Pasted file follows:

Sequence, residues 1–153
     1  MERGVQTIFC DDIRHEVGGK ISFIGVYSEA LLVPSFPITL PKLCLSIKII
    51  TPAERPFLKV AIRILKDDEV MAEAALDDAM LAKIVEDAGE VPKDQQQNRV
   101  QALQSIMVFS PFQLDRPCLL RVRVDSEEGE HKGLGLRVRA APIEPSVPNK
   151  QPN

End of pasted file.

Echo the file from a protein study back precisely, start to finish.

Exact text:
Sequence, residues 1–153
     1  MERGVQTIFC DDIRHEVGGK ISFIGVYSEA LLVPSFPITL PKLCLSIKII
    51  TPAERPFLKV AIRILKDDEV MAEAALDDAM LAKIVEDAGE VPKDQQQNRV
   101  QALQSIMVFS PFQLDRPCLL RVRVDSEEGE HKGLGLRVRA APIEPSVPNK
   151  QPN